We all know that Apple has big augmented reality (AR) ambitions but ARKit is focused on using an iPhone or iPad’s display to overlay digital information to the real world.
However, a patent that’s just been uncovered points at a new form factor for Apple’s AR assault. “Semi-transparent spectacle or glasses” are mentioned in the details of a patent that originated from Metaio – an augmented reality startup that Apple acquired in August 2015 – hinting at a pair of Apple AR smart glasses.
Apple’s patent FIG. 10a, as discovered by the guys at Patently Apple provides details on representing POIs in the view of a real environment on a semi-transparent screen of a head-mounted display (HMD).
“It is typically not possible for the user to touch the head-mounted screen in a manner like a touchscreen,” reads Patently Apple’s analysis of the documents. “However, the camera that captures an image of the real environment may also be used to detect image positions of the user’s finger in the image. The image positions of the user’s finger could be equivalent to touching points touched by the user’s finger on the touchscreen.”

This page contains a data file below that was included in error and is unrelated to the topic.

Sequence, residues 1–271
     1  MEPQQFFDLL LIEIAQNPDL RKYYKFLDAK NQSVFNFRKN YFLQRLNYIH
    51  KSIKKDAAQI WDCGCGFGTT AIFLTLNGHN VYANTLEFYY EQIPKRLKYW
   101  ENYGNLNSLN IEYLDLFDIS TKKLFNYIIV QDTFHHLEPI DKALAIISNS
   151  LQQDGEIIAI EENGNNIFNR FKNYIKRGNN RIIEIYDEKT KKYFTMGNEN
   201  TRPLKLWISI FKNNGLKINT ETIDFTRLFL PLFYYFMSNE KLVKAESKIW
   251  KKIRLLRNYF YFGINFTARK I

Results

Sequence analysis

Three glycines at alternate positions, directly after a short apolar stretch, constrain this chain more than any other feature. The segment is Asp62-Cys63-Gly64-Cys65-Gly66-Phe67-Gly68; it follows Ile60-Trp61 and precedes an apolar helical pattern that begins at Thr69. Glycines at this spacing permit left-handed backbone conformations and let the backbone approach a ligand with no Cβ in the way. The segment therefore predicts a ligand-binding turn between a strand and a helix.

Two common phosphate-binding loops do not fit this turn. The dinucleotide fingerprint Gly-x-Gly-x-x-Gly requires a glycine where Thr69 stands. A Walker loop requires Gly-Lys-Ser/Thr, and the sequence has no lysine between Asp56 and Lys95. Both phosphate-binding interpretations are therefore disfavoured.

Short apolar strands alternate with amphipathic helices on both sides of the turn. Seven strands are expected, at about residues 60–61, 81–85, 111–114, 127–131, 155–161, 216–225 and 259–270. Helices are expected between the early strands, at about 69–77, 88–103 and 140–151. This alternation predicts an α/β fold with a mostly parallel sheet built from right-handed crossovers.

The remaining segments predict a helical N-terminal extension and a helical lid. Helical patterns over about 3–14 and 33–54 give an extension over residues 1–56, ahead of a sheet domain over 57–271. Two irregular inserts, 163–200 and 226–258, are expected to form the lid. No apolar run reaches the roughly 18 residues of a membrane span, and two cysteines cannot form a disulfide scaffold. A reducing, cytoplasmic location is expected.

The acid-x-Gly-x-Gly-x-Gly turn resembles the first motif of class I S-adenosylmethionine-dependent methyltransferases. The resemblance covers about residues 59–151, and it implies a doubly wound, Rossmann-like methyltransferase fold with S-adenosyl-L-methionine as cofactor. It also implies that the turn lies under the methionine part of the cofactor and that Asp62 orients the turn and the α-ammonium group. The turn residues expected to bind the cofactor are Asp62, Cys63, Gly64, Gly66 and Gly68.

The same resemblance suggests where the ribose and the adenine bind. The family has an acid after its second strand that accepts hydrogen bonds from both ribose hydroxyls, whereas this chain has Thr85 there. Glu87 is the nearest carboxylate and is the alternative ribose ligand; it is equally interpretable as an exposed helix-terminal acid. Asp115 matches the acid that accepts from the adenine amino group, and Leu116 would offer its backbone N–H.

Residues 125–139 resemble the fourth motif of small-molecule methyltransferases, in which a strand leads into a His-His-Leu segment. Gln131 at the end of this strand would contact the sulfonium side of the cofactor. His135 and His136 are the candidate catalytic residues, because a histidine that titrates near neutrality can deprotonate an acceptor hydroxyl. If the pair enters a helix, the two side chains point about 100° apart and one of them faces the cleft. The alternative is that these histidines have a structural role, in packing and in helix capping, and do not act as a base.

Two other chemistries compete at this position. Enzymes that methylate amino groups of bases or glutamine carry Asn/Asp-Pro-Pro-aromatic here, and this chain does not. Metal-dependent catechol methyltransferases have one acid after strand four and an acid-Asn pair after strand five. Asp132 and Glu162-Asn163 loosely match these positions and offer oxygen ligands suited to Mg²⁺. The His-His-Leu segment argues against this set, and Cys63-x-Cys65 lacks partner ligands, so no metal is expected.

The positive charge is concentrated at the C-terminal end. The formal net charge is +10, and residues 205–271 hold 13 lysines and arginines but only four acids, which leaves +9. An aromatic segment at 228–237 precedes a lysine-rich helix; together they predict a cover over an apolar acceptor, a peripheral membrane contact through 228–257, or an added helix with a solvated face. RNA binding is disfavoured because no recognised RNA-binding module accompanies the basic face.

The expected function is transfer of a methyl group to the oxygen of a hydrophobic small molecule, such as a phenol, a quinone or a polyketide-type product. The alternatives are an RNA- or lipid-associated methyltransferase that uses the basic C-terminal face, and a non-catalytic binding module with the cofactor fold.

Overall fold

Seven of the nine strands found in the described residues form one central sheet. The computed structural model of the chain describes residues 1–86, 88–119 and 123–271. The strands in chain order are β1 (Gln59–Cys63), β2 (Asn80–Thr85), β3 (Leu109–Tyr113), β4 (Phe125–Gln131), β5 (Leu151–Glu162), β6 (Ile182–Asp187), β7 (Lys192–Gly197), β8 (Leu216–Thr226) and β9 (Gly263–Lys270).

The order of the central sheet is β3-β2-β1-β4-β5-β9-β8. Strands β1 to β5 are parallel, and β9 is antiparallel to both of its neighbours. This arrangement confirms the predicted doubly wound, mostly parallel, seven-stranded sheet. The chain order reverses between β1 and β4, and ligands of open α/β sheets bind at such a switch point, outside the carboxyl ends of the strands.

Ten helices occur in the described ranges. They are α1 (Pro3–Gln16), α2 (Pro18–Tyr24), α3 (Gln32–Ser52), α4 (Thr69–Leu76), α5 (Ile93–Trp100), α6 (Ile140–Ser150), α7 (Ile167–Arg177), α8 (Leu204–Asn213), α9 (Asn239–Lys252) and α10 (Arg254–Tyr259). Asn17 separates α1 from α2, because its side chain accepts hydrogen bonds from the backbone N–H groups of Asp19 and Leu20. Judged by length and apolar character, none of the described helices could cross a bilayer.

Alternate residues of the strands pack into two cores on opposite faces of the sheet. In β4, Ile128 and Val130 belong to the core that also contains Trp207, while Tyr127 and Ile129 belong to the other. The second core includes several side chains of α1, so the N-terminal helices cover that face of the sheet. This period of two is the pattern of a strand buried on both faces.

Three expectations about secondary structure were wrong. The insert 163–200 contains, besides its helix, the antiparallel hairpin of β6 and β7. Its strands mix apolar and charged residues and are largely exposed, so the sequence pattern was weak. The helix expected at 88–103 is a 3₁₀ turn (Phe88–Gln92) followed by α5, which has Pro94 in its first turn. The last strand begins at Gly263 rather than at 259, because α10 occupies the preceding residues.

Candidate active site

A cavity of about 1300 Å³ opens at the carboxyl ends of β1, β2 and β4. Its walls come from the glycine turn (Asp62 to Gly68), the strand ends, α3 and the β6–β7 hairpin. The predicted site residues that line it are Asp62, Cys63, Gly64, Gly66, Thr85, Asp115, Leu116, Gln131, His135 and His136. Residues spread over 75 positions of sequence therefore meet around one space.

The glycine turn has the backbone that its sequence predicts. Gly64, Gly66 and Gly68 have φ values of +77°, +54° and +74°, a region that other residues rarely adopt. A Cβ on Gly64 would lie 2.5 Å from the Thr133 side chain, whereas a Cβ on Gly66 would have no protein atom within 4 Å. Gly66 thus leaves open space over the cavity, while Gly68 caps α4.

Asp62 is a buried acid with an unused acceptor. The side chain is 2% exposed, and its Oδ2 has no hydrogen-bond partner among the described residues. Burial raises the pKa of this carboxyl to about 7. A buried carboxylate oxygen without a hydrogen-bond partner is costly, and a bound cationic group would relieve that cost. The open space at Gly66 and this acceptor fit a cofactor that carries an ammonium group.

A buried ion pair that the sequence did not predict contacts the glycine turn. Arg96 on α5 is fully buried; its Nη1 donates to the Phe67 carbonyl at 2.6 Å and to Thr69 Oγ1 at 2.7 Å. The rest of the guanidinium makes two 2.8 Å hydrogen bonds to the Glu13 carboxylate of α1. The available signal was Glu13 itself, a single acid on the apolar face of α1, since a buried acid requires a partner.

AR differs from VR (virtual reality). VR is a fully immersive digital world whereas augmented (or mixed reality) overlays digital aspects over the real world. It was AR that Google’s Glass project used and it’s now a huge buzz area in tech thanks to the likes of Microsoft’s Hololens and the mysterious Magic Leap startup.
Apple CEO Tim Cook has praised AR in the past, describing it as a “core technology”.
“There’s virtual reality and there’s augmented reality – both of these are incredibly interesting,” Cook told Good Morning America in 2016. “But my own view is that augmented reality is the larger of the two, probably by far.
“Virtual reality sort of encloses and immerses the person into an experience that can be really cool,” he added, “but probably has a lower commercial interest over time. Less people will be interested in that.”
According to Bloomberg, Apple has already been in talks with potential suppliers for components of a glasses-like device and “has ordered small quantities of near-eye displays from one supplier” for testing purposes.